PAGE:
Rehemtulla and Nasser state that they run into many barriers, due to Tanzania being one of the most impoverished nations in the world, when attempting to boost the participation of adolescent girls in cricket.

Moreover, they state that when girls become teenagers in Tanzania, their families put pressure on them to get jobs and contribute to family income. In order to offset this hurdle, the pair began offering services to girls who wanted to start playing cricket. They offered housing, HIV and malaria awareness classes, as well as, of course, cricket coaching to make them better players and in the future, effective coaches themselves.

The results of this program were very successful, with women not only continuing to play cricket, but also with many attending universities and maintaining lucrative jobs. Nasser and Rehemtulla report that many of the girls in the program are now financially comfortable and can make up to five times as much as low-wage workers in Tanzania.

Nasser explains that he and Rehemtulla have gotten to know the girls in the program and can serve as mentors and aid in their future development.

“We have spent five years with them so we try to do what is best for them. We train them so they get employment instead of going to work as house maids.” Furthermore, he states, “We as an association tried to give them classes and pay the school fees. We tried our best to help them to ensure they have better lives in the future.”

Cricket is also growing in other African nations. There has, for instance, been increased financial investment in cricket programs, including plans to build a new cricket stadium in Rwanda, largely to support the development of its new women’s team. Cricket has already become the second most popular sport in South Africa, whose men’s team, the Proteas, is globally competitive and whose amateur women’s team is gaining recognition.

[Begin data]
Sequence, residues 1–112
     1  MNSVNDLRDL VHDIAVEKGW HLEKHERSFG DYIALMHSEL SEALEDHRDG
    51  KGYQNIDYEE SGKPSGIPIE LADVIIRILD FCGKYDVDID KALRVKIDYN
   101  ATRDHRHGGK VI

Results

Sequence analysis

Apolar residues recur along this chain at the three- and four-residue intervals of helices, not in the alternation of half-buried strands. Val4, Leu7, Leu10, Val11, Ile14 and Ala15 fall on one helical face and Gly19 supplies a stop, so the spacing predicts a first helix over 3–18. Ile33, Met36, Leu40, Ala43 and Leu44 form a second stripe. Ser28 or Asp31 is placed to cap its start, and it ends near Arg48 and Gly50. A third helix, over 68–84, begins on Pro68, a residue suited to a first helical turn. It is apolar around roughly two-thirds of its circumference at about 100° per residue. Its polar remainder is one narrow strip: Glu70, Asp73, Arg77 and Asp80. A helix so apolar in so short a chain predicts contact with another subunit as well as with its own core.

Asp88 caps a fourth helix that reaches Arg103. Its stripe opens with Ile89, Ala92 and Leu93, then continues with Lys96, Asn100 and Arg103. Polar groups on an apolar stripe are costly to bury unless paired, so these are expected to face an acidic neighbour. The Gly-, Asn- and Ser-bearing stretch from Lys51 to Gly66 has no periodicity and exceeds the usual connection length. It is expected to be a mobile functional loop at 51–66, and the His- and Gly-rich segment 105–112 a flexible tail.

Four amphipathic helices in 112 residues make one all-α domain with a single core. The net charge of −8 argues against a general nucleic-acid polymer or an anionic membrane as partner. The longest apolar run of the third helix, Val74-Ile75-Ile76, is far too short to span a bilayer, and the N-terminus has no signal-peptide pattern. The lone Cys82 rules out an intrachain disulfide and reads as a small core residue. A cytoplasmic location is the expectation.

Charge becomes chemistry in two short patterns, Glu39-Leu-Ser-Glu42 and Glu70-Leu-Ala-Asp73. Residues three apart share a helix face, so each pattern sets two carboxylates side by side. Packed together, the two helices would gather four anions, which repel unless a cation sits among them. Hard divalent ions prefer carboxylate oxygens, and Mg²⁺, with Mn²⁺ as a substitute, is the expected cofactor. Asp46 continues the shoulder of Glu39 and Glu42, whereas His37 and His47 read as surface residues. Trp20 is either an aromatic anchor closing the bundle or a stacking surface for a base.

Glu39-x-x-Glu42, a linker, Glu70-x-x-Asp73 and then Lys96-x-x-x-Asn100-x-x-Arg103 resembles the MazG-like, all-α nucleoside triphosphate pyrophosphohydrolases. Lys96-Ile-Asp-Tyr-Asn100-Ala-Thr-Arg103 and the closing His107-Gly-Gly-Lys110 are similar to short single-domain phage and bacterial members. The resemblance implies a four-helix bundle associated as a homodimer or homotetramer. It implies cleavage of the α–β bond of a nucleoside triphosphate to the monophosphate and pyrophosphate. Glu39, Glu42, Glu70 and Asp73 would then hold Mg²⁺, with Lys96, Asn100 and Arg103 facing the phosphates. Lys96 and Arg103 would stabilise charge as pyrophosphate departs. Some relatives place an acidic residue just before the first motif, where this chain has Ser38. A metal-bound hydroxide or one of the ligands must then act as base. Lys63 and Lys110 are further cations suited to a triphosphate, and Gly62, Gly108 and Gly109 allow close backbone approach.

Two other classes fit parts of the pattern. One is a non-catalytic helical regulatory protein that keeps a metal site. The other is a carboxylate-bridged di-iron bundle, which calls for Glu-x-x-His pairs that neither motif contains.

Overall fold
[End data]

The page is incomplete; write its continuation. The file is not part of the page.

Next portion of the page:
Though the Tanzanian women’s team has not made it to the cricket World Cup, Tanzania has participated in a World Cup event. In 1975, Tanzanian athletes competed as a part of an East Africa team that included Uganda, Zambia and Kenya.

Tanzania is still far from achieving its goal of having premier, globally-recognized cricket teams, but with programs supporting female athletes and an increased investment in cricket and cricketers, one day Tanzania could prove its athletic prowess.

Kaylie Cordingley

Sources: BBC Sport, AllAfrica
Photo: BBC News

pedal_against_poverty
Sports, being communal activities, are one of the most effective avenues for uniting people in charitable causes. Here are three organizations devoted to using sports as weapons against poverty.

1. Pedal Against Poverty: Australia-based Pedal Against Poverty organizes cycling events to raise money for poverty-stricken communities around the world. The organization hosts two main events each year – a 24-hour relay in Sydney, Australia, and an eight-hour mountain bike event in Port Macquarie.  Proceeds from these events primarily benefit children in Phnom Pehn, Cambodia, home to the 100 acre Stung Meanchey landfill. The landfill has been closed down but still plagues the impoverished surrounding communities with poor sanitation and health problems. Pedals For Poverty provides children in Phnom Pehn with education, food, and clothing. It also provides maternal and newborn healthcare, as well as care for victims of domestic violence. Pedal Against Poverty is also involved in poverty relief projects in Tanzania and India.